“This collection of photographic portraits is an artistic project of immense value. It is an unparalleled archive, which memorializes Ganesh Pyne, one of the foremost artists of post-independent India. It also foregrounds Veena Bhargava’s sensitivity towards her subject. Her representation of Pyne as a thinking person with a great deal of emotional empathy arouses a rush of nostalgic memories and prompts us to see him as the cultural icon that he is.”
Ella Datta, critic and author, in her essay, “Memorialising Ganesh Pyne: the artist and his laboratory of lines”, in the forthcoming book.
Taking the form of an exhibition and a companion publication for the first time, the entire collection is probably the only available photographic archive of Ganesh Pyne from his earlier days. The photographs were shot by Veena Bhargava in 1984, when Pyne had begun to receive national and international recognition; and later in 2004, when he was a famous artist. Shot with a hand-held camera and a light meter, the archive is a sensitive portfolio of portrait images and an invaluable archive unique to the cultural history of Kolkata. Taken during different phases of Pyne’s life, these include eloquent portraits shot at his Kaviraj Row ancestral residence in central Kolkata; and the building at Cornwallis Street, the location of Mandar Mallick’s studio, where he worked as a part-time illustrator.
Recalling a visit to the Mandar Mallick studio in Cornwallis Street, Bhargava, in her introduction to the publication, writes: “A perfect setting for a secluded alchemist, his private universe of myth and make-believe, fantasy and fable, memories, and imagination. The small room with darkened, flaking walls led through a shuttered door to an open terrace. A heap of abandoned metal pipes and twigs lay neglected, creating a mysterious surreal ambience, in tandem with Pyne’s imagery.”
Veena Bhargava’s journey into the personal world of Ganesh Pyne began in 1984, when she began working as a photography apprentice at Kolkata’s Chitrabani media institute. Critic and author Ella Datta, then a journalist interviewing Pyne for The Illustrated Weekly of India, commissioned Bhargava to work on an accompanying photo feature.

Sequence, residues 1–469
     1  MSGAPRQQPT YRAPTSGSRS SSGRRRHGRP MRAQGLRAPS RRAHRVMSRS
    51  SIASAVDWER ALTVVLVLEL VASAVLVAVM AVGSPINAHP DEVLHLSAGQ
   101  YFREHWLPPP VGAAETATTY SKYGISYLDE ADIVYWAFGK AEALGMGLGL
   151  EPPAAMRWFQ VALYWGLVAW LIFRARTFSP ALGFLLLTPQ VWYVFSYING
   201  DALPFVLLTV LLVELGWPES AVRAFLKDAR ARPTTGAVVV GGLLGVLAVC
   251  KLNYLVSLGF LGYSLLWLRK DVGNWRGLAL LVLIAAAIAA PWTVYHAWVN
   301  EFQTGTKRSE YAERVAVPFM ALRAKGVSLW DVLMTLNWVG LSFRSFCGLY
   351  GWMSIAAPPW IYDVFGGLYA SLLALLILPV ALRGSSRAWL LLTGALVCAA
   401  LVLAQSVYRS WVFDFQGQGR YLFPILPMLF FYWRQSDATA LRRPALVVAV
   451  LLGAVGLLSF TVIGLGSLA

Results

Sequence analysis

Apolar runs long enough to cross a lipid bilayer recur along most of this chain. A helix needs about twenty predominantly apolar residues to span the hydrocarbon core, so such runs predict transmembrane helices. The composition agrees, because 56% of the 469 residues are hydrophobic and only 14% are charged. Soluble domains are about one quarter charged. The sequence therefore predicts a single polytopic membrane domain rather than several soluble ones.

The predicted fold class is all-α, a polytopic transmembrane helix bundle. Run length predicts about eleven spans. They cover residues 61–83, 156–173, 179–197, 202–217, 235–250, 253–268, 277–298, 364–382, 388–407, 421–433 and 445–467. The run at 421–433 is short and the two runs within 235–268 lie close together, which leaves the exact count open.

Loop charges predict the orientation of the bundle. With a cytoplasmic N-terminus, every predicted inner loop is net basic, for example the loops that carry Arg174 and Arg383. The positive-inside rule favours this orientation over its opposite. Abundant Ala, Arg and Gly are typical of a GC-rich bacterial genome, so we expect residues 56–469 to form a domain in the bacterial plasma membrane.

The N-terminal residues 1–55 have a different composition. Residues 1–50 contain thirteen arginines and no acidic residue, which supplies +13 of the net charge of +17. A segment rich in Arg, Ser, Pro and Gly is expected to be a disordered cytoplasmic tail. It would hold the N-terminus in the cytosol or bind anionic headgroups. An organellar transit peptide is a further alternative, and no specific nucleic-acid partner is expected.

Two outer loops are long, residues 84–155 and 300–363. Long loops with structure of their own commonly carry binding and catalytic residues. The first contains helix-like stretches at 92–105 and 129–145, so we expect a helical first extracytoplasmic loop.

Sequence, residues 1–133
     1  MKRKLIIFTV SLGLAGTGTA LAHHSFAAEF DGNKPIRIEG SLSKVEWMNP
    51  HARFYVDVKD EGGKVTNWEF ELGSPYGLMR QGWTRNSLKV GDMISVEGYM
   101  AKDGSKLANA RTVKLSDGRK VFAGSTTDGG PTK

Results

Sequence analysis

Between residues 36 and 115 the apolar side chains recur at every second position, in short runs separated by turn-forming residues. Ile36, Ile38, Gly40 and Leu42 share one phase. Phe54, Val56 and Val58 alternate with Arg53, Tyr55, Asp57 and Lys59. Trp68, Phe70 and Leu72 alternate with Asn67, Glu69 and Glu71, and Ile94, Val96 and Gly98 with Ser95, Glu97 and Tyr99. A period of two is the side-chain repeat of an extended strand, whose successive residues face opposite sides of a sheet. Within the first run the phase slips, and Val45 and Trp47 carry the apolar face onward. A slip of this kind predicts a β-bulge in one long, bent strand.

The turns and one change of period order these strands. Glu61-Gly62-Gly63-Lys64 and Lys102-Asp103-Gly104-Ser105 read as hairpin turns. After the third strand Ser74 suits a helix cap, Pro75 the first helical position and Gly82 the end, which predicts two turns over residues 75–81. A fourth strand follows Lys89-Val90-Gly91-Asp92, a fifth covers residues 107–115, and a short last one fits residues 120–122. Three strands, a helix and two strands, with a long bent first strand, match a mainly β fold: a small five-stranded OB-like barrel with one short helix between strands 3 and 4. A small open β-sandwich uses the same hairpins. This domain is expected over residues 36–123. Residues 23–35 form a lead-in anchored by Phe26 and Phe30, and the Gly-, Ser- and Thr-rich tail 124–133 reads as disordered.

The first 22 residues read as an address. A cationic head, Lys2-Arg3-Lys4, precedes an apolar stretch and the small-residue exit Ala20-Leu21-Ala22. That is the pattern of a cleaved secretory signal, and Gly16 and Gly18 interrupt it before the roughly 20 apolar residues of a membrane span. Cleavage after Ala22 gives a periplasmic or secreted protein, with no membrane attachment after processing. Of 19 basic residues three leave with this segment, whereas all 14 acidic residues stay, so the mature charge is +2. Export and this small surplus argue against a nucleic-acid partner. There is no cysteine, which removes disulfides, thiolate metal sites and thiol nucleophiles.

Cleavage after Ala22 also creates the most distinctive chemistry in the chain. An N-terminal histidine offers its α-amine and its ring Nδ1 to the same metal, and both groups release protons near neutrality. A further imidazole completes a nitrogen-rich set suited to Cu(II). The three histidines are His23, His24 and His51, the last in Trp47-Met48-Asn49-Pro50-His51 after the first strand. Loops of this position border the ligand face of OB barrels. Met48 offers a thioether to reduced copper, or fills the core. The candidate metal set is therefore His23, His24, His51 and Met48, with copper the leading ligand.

In 2004, Bhargava reinvented her portfolio of Ganesh Pyne’s portraitures by experimenting with photo-collages, which involved using multiple images of the artist, along with appropriations from his work, such as the famous painting, Queen. For Bhargava, this new direction in her photographic documentation of Pyne was, in her own words, “an unknown journey and an adventure”, through which she brought out the spirit and persona that was Ganesh Pyne. The photo-collages stand out as the work of a stage designer or scenographer, reflecting Bhargava’s ability to explore the possibilities of a new medium with great ingenuity and originality.
Veena Bhargava is a professional artist who studied Fine Arts at the Government College of Art and Craft, Kolkata; and the Art Students League of New York. She pursued photography at Chitrabani, a media institute in Kolkata. She is the recipient of several awards and honours, including the National Award by the Lalit Kala Akademi in 1986.
Her work is part of several prominent collections in India and abroad, such as The Alkazi Collection, New Delhi; Birla Academy of Art and Culture, Kolkata; National Gallery of Modern Art, New Delhi; Tata Institute of Fundamental Research, Mumbai; and Glenbarra Art Museum, Himeji, Japan.
Text and Photo: Akar Prakar, Kolkata
Memorialising Ganesh Paine | Photographs and photo collages by Veena Bhargava will be on view till March 31-2020